Arclight Blog Tour – Guest Post by Josin L McQuein

Arclight cover

 

I’m delighted to be today’s host of the Arclight blog tour with a guest post by Josin L McQuein.

Hi everyone!

First off, I want to say thanks for letting me barge in here and scribble on the walls for a while. I’ll be careful with the rugs and wallpaper, I promise. (Yes, I know it’s not that funny. Don’t feel bad if you don’t laugh; I’m used to it.)

So, you may have heard I have a new book out with Electric Monkey (If not – I HAVE A NEW BOOK OUT WITH ELECTRIC MONKEY!!!) It’s called Arclight, and it’s a science fictiony, post apocalyptic, dystopian mash-up of genres about science and good intentions gone bad.

“Bad” is the keyword here, because we all know a story is absolute rubbish without a villain. Without the whale, Ahab and his buddy Ishmael are basically on a fishing trip. Without Count Olaf, the Baudelaire orphans would have been placed out of danger, and into the care of a loving foster parent. And without Voldemort, Harry would have been an average, unscarred boy-wizard who never spent a single night in a cupboard.

Villains make the story; they’re the axis on which it turns. In fact villains create heroes. There’s no need for heroism if there’s no one to save. But the best ones don’t think of themselves as villains at all. They’re the heroes of their own tales, and if you heard that tale from their point of view, you might even agree.

Arclight has two antagonistic forces, but I don’t think either of them would consider themselves “bad guys.”

The first is the Fade. They’re the monsters in the Dark that have ravaged the world, leaving only one outpost of inhabitable space for humans to occupy. They devour anything – and anyone – they touch. The novel’s main character is a girl who was the only survivor of a Fade attack, and that one encounter left her a terrified amnesiac with a bullet wound and memories of nearly drowning in the murky water where she hid herself until she was rescued. (That is one seriously long sentence, don’t read it all in one breath, or you’ll pass out.)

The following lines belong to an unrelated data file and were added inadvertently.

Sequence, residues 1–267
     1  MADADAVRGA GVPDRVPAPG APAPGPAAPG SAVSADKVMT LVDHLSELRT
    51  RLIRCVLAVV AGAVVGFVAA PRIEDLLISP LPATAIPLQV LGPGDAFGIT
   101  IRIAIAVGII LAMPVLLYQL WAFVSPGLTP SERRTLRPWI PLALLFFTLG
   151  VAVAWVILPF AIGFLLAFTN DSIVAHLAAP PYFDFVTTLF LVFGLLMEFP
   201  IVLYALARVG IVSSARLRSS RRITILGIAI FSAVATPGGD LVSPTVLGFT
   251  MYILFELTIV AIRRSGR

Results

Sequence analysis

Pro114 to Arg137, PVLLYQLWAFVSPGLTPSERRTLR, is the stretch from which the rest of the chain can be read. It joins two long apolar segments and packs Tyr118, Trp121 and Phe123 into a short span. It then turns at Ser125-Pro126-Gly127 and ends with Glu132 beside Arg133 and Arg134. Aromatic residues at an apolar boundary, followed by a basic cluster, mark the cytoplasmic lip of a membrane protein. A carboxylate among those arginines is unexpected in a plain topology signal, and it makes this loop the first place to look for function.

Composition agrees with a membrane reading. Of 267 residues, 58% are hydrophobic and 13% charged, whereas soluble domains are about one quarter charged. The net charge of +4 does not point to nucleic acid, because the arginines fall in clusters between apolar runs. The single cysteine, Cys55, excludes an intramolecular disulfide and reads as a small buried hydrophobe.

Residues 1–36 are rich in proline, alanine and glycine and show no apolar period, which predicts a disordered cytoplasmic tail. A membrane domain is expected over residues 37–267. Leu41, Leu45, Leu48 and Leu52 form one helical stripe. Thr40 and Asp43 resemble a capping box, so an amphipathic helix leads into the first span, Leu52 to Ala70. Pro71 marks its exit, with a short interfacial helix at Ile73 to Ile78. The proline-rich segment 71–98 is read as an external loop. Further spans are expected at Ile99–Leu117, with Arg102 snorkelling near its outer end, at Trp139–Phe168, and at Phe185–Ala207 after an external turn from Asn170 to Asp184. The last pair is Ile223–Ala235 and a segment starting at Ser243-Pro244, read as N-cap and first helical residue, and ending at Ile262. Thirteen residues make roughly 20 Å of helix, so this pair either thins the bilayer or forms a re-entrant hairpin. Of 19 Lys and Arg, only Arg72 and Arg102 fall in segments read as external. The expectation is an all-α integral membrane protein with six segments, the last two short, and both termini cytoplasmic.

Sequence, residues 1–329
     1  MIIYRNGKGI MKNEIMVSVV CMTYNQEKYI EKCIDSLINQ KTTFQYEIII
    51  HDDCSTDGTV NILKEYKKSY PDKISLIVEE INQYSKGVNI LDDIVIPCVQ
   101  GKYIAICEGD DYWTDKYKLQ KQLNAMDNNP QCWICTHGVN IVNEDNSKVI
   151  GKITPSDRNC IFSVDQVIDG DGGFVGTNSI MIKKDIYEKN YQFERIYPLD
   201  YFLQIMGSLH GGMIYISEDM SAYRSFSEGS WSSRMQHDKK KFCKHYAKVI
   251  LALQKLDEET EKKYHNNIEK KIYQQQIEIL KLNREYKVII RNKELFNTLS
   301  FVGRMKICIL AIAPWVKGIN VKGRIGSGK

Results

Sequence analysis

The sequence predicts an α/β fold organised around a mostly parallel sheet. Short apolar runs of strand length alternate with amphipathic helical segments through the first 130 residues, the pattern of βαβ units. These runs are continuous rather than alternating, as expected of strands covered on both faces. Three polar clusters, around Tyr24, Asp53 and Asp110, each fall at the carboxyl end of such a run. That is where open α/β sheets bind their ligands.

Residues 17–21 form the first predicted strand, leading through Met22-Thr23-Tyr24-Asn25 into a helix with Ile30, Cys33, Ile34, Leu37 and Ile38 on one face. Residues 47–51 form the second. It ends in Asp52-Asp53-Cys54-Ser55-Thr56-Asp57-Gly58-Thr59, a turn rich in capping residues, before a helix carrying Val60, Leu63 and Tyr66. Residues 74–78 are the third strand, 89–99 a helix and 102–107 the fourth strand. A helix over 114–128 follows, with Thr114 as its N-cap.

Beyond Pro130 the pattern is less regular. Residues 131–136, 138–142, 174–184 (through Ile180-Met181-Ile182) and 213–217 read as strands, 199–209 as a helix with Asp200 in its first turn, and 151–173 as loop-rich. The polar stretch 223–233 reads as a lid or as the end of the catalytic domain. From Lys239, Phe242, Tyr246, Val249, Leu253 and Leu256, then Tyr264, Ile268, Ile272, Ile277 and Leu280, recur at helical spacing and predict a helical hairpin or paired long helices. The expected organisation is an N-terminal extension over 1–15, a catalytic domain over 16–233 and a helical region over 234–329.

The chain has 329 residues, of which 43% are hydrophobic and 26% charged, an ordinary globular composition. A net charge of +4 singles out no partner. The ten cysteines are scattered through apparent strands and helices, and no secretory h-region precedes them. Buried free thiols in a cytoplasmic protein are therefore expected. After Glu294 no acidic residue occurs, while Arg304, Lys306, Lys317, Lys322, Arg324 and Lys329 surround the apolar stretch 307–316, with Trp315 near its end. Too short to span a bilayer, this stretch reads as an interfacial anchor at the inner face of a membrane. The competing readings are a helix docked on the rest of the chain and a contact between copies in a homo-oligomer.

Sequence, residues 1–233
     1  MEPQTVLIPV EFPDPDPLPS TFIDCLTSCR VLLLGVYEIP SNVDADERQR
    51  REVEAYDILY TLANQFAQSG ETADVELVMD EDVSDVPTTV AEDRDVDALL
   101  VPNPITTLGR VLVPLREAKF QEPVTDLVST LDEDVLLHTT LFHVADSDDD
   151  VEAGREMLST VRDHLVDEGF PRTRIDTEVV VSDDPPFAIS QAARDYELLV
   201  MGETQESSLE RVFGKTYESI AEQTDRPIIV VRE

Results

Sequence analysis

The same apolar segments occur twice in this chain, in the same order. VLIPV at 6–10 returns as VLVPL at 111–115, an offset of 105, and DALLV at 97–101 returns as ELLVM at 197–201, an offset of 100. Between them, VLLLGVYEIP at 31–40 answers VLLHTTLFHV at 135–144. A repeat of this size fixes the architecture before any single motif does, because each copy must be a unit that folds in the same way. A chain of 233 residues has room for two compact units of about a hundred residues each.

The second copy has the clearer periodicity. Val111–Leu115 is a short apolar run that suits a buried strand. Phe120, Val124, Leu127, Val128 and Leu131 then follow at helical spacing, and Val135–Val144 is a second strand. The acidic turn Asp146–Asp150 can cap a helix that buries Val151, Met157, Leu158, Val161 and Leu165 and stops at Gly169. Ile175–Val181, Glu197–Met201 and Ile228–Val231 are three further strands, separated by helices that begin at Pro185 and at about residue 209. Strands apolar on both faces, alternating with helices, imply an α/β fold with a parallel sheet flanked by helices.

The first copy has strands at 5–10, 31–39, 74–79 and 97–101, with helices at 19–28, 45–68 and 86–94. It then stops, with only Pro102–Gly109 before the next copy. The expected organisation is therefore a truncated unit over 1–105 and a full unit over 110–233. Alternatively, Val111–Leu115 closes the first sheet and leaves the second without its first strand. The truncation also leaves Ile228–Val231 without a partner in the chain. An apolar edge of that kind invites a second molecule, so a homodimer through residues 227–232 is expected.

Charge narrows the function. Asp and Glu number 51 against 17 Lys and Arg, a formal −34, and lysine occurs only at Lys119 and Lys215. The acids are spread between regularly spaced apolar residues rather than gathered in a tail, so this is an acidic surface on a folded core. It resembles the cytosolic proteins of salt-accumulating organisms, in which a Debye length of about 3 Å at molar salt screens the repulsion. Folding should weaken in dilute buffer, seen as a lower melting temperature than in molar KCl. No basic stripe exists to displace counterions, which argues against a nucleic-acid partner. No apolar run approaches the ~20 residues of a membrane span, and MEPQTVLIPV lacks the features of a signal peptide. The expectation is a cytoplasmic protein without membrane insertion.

However, despite the literal darkness that encompasses the Fade and the wreck they’ve made of the world, they don’t believe they’re malicious. And there’s nothing more terrifying than someone who commits horrible acts based on the belief that the horror is justifiable if things improve once it’s over. You can’t sway someone like that.

If the story was told from the Fades’ point of view, they’d see the Arclight as the enemy. A ring of fire stabbing into the night and turning them all to ash and dust. They’d see themselves as advancing their own agendas and saving what they’ve decided is rightfully their world, not the humans’.

The other antagonist is more subtle. It’s one any teenager is familiar with, and that’s the struggle of an adult society that believes youth is synonymous with incapability.

Marina’s a survivor. In fact, every child of the Arclight is a survivor. They’ve all lost someone to the Fade and the Dark, and they’ve all accepted that life still has to continue without the ones who are gone. They’re scared, but they’re strong. Unfortunately, the adults who control their world can’t see that. They see children, and people in need of protection, and that gives rise to an environment of secrets and rules.

To piece together her past, Marina doesn’t only have to face the Fade; she has to find a way to make her protectors understand that she’s capable of taking care of herself and making her own decisions, and that’s a thing all teens have to face.

Of course the adults are doing what they think is best, and if asked, they would profess that belief. They’d never do anything to harm their children intentionally, but respect and responsibility are rarely given – they have to be taken, and that’s a fight, too.

So that’s it. That’s Arclight. Fighting monsters who don’t believe they’re evil, and fighting expectations that are set far too low. Taking sides, even if that means making an enemy out of someone who isn’t a villain at all. Saving the world, whether it thinks it needs saving or not.

I hope you read the novel, and I hope you enjoy it.

Thanks again for letting me stop by.

Thanks Josin!

Look out for our review of Arclight, which is coming soon.